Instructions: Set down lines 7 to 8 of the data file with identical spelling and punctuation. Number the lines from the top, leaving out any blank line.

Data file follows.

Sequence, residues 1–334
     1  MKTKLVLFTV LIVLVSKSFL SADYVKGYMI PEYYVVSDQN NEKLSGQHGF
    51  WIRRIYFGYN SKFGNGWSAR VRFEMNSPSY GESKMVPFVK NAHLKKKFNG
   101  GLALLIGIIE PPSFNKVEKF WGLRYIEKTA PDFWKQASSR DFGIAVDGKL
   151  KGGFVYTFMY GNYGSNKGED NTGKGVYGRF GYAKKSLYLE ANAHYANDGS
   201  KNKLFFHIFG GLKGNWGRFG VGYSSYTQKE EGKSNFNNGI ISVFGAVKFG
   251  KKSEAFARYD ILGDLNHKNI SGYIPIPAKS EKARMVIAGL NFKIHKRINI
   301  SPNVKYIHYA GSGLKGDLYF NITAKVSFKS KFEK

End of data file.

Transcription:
   251  KKSEAFARYD ILGDLNHKNI SGYIPIPAKS EKARMVIAGL NFKIHKRINI
   301  SPNVKYIHYA GSGLKGDLYF NITAKVSFKS KFEK